ATO review to scrutinise real estate businesses over super payments

Real estate businesses will come under scrutiny from the ATO to ensure they are meeting their employee superannuation guarantee obligations.

The ATO’s 2012-13 compliance program identifies real estate businesses, café and restaurant operators and carpenters as the businesses most at risk of non-compliance.

“This year we will review, in focused superannuation guarantee audits, around 400 high risk employers where we find evidence of non-compliance, particularly in the industries where we have previously focused communication activities including cafes and restaurants, real estate businesses [and] carpentry businesses in home building or construction,” says the ATO.

“Employers play a major role in the integrity of the superannuation system by paying superannuation guarantee contributions on behalf of their employees. Where employers fail to pay contributions for eligible employees to nominated funds, they must pay a superannuation guarantee charge to the ATO.”

The ATO makes it clear that it has the technology and access to information to catch out those who are not meeting their super obligations:

“We match information in tax returns and business activity statements with details of transactions reported to us by a wide range of third parties, including:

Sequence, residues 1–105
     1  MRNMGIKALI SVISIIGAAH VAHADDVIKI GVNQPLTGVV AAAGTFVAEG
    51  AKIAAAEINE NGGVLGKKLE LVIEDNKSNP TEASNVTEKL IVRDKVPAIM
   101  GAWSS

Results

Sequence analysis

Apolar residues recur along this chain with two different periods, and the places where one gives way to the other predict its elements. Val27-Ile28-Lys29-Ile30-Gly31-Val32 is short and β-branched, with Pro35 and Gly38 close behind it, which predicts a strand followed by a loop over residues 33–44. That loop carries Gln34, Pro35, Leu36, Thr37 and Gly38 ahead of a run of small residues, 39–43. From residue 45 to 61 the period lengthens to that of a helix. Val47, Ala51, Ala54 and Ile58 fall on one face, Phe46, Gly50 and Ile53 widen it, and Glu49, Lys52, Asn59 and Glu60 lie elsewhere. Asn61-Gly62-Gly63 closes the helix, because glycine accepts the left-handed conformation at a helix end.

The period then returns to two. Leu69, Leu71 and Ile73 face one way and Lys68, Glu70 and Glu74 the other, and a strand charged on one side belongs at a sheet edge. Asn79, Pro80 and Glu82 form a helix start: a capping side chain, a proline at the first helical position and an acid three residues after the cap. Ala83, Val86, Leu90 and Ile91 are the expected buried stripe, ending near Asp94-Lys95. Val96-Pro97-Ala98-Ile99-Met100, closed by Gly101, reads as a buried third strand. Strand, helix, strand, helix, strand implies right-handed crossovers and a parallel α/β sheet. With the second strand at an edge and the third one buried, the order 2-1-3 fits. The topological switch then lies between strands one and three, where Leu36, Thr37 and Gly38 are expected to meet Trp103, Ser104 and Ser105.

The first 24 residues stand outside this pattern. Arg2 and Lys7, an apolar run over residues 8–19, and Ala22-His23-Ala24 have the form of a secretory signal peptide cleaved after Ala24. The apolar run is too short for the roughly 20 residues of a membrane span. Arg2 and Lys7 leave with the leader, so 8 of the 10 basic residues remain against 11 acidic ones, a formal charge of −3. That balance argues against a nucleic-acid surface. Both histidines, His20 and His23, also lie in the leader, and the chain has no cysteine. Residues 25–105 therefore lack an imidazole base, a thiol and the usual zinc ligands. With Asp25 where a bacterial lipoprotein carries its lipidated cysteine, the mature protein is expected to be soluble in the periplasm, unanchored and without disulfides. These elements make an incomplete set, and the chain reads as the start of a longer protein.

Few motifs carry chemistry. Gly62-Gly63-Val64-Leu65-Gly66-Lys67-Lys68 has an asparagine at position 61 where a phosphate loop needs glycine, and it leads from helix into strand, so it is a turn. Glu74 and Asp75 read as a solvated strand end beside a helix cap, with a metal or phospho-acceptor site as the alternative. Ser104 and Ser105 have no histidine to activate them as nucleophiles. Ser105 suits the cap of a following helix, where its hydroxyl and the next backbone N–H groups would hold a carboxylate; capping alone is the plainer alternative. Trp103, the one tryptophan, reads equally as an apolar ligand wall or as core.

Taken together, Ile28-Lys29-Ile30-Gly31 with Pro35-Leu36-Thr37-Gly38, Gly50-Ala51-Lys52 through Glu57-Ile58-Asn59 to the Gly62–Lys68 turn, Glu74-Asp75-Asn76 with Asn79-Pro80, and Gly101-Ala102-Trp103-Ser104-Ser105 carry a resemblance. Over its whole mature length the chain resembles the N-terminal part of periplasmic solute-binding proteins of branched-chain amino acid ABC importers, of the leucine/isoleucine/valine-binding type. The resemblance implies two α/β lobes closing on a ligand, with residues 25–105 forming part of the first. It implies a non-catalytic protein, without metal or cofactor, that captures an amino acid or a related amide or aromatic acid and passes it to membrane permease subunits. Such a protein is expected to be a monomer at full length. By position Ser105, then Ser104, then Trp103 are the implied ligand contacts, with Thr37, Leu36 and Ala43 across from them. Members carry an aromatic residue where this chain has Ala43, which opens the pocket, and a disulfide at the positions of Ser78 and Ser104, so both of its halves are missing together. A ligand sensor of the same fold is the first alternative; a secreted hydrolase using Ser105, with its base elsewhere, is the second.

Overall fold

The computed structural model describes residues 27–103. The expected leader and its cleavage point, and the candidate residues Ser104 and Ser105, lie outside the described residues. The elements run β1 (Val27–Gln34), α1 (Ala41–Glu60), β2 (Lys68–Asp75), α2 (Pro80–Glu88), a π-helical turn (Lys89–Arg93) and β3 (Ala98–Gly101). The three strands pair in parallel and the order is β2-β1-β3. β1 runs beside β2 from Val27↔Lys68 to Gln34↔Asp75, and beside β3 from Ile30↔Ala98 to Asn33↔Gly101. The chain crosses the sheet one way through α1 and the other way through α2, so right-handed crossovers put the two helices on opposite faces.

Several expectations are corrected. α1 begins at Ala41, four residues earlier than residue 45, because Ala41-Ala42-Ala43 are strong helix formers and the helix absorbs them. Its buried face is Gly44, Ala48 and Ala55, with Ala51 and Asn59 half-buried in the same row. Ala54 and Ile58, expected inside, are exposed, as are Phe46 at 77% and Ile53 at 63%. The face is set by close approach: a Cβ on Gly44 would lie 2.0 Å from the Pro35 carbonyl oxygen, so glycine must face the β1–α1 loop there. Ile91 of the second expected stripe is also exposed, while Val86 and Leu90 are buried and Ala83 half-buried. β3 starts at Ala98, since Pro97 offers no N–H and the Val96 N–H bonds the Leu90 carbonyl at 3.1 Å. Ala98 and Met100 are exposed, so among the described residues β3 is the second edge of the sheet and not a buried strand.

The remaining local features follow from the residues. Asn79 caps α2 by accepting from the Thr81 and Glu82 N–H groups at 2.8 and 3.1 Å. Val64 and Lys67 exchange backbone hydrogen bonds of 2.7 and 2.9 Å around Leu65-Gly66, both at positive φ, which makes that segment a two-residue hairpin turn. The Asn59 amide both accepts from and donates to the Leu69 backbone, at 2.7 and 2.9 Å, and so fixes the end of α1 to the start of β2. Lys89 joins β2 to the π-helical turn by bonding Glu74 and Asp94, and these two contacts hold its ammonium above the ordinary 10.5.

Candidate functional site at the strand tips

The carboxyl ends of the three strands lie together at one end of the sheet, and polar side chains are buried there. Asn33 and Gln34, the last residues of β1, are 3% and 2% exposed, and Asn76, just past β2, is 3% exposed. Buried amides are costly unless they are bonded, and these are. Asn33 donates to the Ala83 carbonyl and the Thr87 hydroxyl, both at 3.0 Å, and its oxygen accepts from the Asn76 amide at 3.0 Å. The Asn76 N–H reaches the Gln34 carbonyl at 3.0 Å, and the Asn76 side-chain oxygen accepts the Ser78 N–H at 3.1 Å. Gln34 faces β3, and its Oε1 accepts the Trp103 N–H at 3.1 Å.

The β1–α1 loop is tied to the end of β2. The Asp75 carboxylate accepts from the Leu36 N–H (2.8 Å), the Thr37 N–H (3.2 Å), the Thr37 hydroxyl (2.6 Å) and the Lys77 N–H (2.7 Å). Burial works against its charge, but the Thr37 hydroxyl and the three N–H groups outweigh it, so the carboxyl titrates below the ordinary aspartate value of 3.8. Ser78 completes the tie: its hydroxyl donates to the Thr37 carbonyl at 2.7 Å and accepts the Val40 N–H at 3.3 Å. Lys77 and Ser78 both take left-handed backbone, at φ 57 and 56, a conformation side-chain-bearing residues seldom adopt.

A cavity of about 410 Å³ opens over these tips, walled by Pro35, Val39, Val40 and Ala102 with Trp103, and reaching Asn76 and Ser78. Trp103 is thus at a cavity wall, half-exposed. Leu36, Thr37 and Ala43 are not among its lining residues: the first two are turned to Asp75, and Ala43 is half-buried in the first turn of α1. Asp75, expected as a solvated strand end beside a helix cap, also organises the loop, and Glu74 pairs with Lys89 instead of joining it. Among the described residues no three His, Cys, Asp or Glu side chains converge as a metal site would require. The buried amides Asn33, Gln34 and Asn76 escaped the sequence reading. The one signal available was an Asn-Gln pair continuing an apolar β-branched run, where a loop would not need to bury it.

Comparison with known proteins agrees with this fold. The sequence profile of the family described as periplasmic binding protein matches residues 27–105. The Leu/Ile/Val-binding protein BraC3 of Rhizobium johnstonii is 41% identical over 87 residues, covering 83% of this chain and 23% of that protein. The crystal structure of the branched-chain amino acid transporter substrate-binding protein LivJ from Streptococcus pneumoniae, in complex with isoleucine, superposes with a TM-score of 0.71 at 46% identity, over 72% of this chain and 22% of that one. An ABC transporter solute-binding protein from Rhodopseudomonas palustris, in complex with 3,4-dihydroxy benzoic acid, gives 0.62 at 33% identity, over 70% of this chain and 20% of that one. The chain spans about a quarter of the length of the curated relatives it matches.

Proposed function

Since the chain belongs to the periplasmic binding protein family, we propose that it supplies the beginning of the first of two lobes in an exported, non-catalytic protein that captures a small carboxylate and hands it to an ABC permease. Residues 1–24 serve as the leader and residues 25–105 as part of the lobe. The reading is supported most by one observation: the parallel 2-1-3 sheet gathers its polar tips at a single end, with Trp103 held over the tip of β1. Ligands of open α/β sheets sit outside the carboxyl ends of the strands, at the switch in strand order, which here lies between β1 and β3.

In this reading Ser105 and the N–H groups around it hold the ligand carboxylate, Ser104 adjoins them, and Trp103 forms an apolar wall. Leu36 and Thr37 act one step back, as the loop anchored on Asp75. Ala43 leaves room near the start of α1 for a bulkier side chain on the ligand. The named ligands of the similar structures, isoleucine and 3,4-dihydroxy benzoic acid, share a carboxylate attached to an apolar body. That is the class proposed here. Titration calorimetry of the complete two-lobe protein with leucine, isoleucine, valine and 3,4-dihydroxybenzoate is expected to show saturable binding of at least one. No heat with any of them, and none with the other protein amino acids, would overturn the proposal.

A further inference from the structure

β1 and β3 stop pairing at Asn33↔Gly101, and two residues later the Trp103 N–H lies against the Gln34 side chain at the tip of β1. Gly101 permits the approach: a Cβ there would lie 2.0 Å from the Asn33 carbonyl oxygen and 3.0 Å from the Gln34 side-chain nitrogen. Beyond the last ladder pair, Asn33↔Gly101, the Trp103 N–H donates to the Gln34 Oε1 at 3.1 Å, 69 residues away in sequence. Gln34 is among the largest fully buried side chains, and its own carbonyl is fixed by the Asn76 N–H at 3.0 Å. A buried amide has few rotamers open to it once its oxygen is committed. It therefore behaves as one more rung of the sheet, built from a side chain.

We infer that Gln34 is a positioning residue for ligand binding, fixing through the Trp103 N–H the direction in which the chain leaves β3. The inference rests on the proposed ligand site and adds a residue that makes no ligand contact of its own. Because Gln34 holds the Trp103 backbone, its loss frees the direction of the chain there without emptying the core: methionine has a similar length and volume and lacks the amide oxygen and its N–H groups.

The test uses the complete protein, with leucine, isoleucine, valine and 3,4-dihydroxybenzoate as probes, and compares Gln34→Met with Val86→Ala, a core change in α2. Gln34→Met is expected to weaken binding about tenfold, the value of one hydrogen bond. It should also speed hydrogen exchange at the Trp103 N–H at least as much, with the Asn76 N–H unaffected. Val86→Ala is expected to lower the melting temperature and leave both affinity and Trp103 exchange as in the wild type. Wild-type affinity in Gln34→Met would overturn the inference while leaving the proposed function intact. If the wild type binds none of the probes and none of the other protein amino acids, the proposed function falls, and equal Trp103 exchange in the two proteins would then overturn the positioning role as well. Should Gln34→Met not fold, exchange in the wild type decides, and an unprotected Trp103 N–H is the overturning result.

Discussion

• payments and grants by other government agencies
  • payments by businesses to contractors
  • income from investments and partnership and trust distributions
  • property and share transactions n cross-border transactions and international funds transfer.

“This range of information means we can build a complete picture of every business, including income earned, investment details, acquisition or disposal of assets such as real estate, cars and boats, and business connections,” says the ATO.

Super compliance checks of real estate agents will be carried out as part of broader employer obligations reviews involving some 3000 employers.

“We will also check that these employers are complying with their obligation to provide employee tax file numbers to superannuation funds.

“Last year we also followed up complaints about unpaid superannuation with around 12,000 employers, mainly micro enterprises. This year we expect to contact around 13,000 employers regarding complaints about unpaid superannuation,” says the ATO.

This article first appeared on Property Observer.



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